Update: faced with a firestorm of criticism, the Express has pulled the article, but you can still find it in Google's cache.
Update 2: better yet, an enterprising blogger has found Paula Murray's Facebook page and written an insulting and misleading article about her based on it. Turnabout is fair play! I do hope her journalistic reputation is forever stained.
To whom it may concern -
Regarding your recent article on the children of Dunblane 13 years later:
This is a disgraceful, embarrassing and shameful story -- for the Express. Faced with having to find something to write about a story dead for 13 years, Paula Murray has lazily decided to trawl Facebook for details, rather than attempting to speak to any of the children themselves, none of whom are quoted for the story or given a chance to defend their semi-private profiles. Instead we are given a piss-poor collection of thoroughly ordinary quotes that could have come from the profile page of any teenager, carefully selected to try and portray these kids as toughs and louts.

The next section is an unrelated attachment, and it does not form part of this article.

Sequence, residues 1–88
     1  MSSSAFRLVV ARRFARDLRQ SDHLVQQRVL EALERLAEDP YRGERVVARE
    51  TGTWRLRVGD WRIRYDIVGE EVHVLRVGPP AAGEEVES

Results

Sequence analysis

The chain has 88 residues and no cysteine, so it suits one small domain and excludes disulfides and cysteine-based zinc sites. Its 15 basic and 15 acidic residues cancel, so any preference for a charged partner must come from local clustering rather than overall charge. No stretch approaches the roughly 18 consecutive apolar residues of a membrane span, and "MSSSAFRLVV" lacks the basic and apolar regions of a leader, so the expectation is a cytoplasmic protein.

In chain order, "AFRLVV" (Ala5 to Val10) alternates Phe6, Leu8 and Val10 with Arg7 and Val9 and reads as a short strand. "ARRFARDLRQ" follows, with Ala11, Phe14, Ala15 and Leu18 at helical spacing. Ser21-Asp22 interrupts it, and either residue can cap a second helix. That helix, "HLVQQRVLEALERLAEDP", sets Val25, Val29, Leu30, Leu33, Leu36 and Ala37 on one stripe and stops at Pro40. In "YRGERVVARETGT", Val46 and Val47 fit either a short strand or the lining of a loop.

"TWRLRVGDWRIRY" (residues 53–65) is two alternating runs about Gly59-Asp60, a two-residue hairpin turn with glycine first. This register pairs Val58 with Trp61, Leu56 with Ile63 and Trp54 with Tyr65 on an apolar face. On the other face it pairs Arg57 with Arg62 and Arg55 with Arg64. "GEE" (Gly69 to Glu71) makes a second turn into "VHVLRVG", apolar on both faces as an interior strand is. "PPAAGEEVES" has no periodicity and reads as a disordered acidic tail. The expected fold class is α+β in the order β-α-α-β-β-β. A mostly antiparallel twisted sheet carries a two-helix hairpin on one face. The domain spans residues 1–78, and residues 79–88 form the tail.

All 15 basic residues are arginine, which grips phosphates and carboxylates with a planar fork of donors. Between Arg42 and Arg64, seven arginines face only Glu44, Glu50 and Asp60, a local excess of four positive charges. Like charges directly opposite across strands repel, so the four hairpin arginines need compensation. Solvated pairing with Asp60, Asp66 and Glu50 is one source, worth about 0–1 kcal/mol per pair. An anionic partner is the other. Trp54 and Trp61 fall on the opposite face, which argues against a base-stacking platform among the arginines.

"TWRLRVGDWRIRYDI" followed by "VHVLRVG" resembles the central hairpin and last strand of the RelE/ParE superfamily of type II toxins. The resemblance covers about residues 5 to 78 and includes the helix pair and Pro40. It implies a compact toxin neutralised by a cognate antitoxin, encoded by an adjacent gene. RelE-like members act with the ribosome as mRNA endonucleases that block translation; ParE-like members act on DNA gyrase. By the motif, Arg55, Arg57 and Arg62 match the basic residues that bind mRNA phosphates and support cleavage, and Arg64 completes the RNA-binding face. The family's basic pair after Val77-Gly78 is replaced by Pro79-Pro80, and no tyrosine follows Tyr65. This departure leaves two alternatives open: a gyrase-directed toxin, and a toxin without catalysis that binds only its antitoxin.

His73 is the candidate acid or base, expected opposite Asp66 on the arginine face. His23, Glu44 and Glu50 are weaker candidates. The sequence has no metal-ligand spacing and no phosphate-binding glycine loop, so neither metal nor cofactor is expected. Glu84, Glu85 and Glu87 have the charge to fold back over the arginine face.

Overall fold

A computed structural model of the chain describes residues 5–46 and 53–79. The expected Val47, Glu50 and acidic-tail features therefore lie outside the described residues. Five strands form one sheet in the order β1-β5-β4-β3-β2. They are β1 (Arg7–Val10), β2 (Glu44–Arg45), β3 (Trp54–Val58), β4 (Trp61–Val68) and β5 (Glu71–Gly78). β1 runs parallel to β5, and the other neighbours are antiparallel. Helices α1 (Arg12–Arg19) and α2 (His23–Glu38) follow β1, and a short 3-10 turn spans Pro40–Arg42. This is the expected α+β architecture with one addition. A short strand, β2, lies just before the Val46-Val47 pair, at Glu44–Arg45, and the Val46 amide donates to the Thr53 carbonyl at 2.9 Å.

Never mind that children who went through such trauma at a young age should be expected to act out in later life. Never mind that boasts of drunkenness and sexual prowess are the staple of conversation of all 18-year-olds everywhere. Instead of any real reporting, any real insight into what it's like to be a survivor of tragedy at a young ago, we get a quote from the sweet old grandmother of one of the dead children, thus given immunity from the teenager her own grandchild might have turned into -- doubtless because the parents and grandparents of the children still alive are so deeply grateful simply that the children are still around to misbehave that they refused to give Ms. Murray any usefully damning quotes.
This is a disgusting, offensive article for which your paper should apologize, both to the children of Dunblane and to the public.
Hat-tip to Adrian for pointing me to this article.